Regulatory Focus and Beneficial Disengagement from Unattainable Goals

Rocchecouste, Philip (2013). Regulatory Focus and Beneficial Disengagement from Unattainable Goals Honours Thesis, School of Psychology, The University of Queensland.

       
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Author Rocchecouste, Philip
Thesis Title Regulatory Focus and Beneficial Disengagement from Unattainable Goals
School, Centre or Institute School of Psychology
Institution The University of Queensland
Publication date 2013-10-09
Thesis type Honours Thesis
Supervisor Andrew Neal
Total pages 89
Language eng
Subjects 1701 Psychology
Abstract/Summary Disengaging commitment from unattainable goals has been shown to improve well-being (Wrosch, Scheier, Miller, Schulz, & Carver, 2003). This study proposed that the ability to disengage commitment from unattainable goals results from differences in prevention focus. Prevention focus is one of two motivational forces described in the Theory of Regulatory Focus, with the other being promotion focus (Higgins, 1997). When people display high prevention focus they perceive goals as obligations and have a tendency to fixate on these goals. Theoretical support for this investigation derived from the prevention focus maintaining high levels commitment at high levels of goal value independent of goal expectancy, (Shah & Higgins, 1997). The predictions made in this study are that at high levels of prevention focus disengagement of commitment from unattainable goals is inhibited by a desire not to lose goals, which are seen as obligations. A mixed model design utilising an air traffic control simulator task measured goal commitment before and after a goal became unattainable. Commitment scores were then contrasted against participants’ trait and state prevention focus and the presence of regulatory fit. Results showed no relation between prevention focus and commitment scores at any stage of the analysis. None of the hypotheses were supported and there was no evidence of disengagement of commitment from the unattainable goal at all during the experiment. Effects that emerged in the follow up analysis but were not hypothesised are discussed in relation to the current research. Experimental limitations and future directions for research are also discussed in light of the null findings.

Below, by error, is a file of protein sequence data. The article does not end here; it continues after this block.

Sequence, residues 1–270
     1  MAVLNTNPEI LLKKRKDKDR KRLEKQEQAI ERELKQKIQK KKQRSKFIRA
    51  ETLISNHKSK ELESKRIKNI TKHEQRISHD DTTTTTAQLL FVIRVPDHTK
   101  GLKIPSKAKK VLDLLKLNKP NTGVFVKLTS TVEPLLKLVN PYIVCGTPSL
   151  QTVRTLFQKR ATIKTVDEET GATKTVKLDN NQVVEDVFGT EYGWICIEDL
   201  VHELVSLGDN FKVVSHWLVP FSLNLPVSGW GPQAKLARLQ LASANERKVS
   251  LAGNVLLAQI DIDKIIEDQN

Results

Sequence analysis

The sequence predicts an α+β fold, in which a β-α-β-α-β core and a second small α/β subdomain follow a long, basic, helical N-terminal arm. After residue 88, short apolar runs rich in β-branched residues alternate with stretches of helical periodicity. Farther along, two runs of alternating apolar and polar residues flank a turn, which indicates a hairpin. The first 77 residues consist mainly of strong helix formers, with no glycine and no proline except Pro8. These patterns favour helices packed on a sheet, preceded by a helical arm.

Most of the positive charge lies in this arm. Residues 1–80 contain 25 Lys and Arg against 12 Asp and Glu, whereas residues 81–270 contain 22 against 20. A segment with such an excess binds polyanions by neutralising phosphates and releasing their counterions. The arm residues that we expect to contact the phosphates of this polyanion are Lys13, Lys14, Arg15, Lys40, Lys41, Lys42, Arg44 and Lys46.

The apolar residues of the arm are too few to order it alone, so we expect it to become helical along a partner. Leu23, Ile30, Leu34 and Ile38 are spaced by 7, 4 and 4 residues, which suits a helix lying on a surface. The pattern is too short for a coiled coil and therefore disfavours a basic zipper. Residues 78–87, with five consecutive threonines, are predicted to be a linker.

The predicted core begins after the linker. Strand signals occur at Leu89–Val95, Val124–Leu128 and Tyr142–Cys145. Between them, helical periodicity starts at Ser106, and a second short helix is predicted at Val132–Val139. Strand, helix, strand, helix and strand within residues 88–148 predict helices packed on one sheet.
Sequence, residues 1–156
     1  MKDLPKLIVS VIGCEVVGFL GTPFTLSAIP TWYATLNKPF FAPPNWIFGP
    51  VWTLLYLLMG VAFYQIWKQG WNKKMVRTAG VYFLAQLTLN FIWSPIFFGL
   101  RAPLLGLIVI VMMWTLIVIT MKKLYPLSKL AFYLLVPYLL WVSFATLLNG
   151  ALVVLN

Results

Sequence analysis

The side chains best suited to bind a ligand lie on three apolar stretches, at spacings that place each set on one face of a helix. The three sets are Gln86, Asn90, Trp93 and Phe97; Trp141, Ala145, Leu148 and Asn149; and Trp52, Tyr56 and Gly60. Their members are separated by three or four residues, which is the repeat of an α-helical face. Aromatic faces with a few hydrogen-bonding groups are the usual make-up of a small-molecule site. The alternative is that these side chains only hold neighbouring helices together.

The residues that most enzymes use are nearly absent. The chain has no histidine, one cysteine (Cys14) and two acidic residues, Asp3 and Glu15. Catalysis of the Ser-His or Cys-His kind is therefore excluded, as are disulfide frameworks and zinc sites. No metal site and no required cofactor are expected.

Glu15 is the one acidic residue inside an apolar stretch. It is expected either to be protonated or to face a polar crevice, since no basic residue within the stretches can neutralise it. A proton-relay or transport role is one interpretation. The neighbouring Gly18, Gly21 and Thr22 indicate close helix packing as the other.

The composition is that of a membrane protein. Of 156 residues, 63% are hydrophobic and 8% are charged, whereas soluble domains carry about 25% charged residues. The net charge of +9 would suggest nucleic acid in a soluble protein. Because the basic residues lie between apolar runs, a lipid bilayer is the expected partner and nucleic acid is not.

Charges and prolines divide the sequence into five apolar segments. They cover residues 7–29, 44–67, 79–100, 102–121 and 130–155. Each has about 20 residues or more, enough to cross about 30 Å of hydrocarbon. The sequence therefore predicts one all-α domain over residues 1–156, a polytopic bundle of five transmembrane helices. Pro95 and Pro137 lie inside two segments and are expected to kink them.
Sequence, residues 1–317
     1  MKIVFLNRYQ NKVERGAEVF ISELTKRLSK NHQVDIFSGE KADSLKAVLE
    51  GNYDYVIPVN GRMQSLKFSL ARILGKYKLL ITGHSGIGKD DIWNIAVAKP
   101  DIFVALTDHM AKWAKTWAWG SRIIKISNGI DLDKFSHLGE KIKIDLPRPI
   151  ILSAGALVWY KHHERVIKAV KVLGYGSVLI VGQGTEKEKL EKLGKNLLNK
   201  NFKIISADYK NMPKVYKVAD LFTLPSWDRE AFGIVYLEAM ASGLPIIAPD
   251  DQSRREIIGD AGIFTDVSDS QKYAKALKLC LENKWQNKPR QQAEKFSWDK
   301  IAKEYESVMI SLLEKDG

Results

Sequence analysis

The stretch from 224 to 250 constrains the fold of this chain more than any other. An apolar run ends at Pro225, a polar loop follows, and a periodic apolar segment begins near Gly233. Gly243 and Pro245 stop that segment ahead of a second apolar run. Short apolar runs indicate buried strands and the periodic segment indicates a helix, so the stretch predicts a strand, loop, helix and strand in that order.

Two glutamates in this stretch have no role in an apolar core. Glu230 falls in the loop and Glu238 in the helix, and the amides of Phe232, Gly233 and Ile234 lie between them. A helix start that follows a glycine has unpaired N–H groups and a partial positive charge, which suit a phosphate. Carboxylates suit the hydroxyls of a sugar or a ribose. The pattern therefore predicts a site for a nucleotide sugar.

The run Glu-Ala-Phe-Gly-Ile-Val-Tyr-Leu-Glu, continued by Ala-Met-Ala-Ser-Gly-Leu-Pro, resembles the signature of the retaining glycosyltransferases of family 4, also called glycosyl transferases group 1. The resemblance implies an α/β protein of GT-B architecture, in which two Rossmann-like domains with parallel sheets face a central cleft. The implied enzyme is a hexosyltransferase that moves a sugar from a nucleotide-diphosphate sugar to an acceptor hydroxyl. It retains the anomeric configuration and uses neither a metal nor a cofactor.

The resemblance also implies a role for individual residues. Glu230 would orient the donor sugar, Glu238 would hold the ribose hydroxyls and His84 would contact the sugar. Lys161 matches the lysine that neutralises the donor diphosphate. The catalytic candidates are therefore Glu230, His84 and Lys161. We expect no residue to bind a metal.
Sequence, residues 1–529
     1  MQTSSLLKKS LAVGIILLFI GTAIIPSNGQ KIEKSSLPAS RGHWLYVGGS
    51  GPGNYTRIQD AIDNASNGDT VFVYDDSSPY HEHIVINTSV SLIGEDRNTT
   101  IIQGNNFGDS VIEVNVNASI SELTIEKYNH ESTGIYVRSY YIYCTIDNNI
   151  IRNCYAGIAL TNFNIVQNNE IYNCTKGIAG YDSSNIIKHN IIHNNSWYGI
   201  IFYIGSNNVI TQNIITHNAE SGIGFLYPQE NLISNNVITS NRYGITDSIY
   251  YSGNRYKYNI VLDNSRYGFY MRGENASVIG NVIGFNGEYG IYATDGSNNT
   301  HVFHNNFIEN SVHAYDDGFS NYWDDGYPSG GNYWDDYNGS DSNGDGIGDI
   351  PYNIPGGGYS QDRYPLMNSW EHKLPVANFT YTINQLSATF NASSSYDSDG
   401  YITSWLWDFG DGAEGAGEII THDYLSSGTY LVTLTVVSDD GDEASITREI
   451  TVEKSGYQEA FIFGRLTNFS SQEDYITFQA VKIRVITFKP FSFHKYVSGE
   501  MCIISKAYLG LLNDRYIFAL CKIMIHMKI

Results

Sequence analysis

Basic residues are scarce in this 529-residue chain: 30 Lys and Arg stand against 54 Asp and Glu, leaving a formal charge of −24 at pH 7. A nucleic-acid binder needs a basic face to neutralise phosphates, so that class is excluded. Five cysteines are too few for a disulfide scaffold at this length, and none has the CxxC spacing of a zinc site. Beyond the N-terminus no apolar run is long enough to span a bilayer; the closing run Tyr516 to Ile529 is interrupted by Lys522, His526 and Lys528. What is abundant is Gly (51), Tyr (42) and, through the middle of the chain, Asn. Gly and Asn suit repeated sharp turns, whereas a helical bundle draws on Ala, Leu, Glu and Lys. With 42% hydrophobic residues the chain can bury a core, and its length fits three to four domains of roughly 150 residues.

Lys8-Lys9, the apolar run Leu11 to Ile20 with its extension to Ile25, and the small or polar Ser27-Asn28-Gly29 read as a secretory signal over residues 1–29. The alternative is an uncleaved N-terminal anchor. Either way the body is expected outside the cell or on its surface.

Keyword goal disengagement
unattainable goals
regulatory focus

 
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Created: Thu, 03 Jul 2014, 15:05:40 EST by Danico Jones on behalf of School of Psychology